19 Mar 2018

Company Culture

Company culture is the core identity of a business. The bigger question is what all is comprised within the broad spectrum of company culture? According to various sources company vision, values, norms, systems, symbols, language, assumptions, beliefs and habits are all contributing factors. Your company’s culture is already preexisting within your organization – employees, founders, and leadership all brings this with them.

Unfortunately, not all companies anticipate growth and success that create a long-term vision for the culture and dynamics to be created. As you experience growth, hiring new employees, and new strategic goals it might be an appropriate time step back to assess what culture you see emerging within your organization and what type of culture you’d like to create to ensure a harmonious work environment that motivates and empowers employees.

Start with something easy: assess the current culture.

As you proceed through your work week, month,  or year, you will begin to notice patterns of behavior within the organization both in language and action.  These patterns are typically indicative of what type of culture your company has. Are your employees wearing jeans and t-shirts to work? Maybe you are more casual. Are you focused on inclusion? Maybe your language reflects that value. Overall, you can assess culture often times through surveying your employees as well. Gain insight into what is working, satisfying their needs and what they would like to see improved. Start creating new norms if you see a disconnect in satisfaction. The point of culture is to reflect the personality of the company and by doing this you foster a sense of trust in not only your employees but also with your customers/clients.

Try: tackling the language.

Look at your mission statements, values, etc. By defining this both internally and externally this provides a guideline for potential employees, the hiring process, and the type of mindset you expect from your team. It gives everyone a common purpose to build upon which ultimately will impact the trajectory of the company itself. This transparency should be fluid throughout the organization from the website, to conversations with employees, to interviewing processes. Again, we want a cohesive brand that has a consistent culture. You must practice what you preach.

Look towards engagement internally and externally.

Internally, your employees should feel prepared to execute tasks required of their position. Proper training and understanding of the company dynamics should be apparent. Employees should feel fulfilled working in their positions and content with the level of development they are receiving. This all fosters a sense of purpose for the company and incentivizes employees to give their all to the organization because of the type of culture it has created is one that inspires them. This will translate to the external relations of the company as well in a domino effect of sorts.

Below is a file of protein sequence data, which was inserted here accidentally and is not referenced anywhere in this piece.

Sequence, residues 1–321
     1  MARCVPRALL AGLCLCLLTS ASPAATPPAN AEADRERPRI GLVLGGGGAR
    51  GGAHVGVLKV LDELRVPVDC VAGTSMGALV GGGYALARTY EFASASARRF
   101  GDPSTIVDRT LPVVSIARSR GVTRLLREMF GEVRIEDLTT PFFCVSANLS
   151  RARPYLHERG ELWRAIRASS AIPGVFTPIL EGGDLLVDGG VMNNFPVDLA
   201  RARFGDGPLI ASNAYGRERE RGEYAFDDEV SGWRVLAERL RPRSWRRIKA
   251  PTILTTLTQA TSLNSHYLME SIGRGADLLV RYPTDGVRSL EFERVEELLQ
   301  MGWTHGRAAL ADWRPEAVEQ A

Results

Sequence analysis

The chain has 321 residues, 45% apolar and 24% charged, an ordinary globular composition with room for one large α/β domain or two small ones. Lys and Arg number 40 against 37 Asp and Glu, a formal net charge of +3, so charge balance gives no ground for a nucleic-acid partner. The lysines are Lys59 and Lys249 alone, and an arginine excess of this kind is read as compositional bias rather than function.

Don’t get discouraged looking towards company’s like Google who have an extremely unique company culture. Google may have flextime, tuition reimbursement, free lunches, onsite doctors, fitness classed, ping pong… the lists goes on. The reality is this is not within the realm of capabilities for most organizations. That doesn’t make culture any less important for your company!

Bottom Line:

In today’s work force, a great company culture is becoming a standard for employees who are more individualistically centered and purpose driven. It is just as important for a potential hire to feel they “fit” the company as it is for the company to find the employee who will be the right “fit.” Not only will this reduce turnover rates, it will increase effectiveness of each employee because they are on board with the personality and purpose of the organization! This satisfaction leads to better relationships with customers, colleagues, and the organization as a whole.  Find your fit and create your culture!


Adam is a graduate of Colorado State University (bachelor’s degree in marketing), and he has experience on both the client and agency side of the marketing world. These experiences led him to come up with a unique, more efficient business model, which he’s incorporated into Encite Marketing. Adam sets the strategic direction for all Encite projects, developing integrated marketing campaigns that bring results. He takes a consultative approach with clients, educating them about how the process works, and keeping them in the loop about end goals, steps, and tasks.